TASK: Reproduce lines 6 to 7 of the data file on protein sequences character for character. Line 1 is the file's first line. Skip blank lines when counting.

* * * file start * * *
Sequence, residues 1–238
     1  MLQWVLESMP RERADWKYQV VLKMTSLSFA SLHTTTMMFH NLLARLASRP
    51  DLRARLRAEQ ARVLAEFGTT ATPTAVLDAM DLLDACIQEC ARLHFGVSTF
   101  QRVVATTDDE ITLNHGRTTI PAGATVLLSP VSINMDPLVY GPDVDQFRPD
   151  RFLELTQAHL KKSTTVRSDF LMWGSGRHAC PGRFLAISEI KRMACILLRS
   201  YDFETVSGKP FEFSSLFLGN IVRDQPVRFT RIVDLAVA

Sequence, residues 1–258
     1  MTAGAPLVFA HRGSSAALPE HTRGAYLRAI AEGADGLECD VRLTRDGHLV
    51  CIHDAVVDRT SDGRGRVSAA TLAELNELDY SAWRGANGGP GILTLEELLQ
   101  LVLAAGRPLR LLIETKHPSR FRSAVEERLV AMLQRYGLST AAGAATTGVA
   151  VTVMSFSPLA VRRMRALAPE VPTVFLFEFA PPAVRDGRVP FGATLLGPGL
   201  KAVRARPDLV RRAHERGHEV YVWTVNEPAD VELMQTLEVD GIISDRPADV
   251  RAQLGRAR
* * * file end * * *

   201  YDFETVSGKP FEFSSLFLGN IVRDQPVRFT RIVDLAVA

Sequence, residues 1–258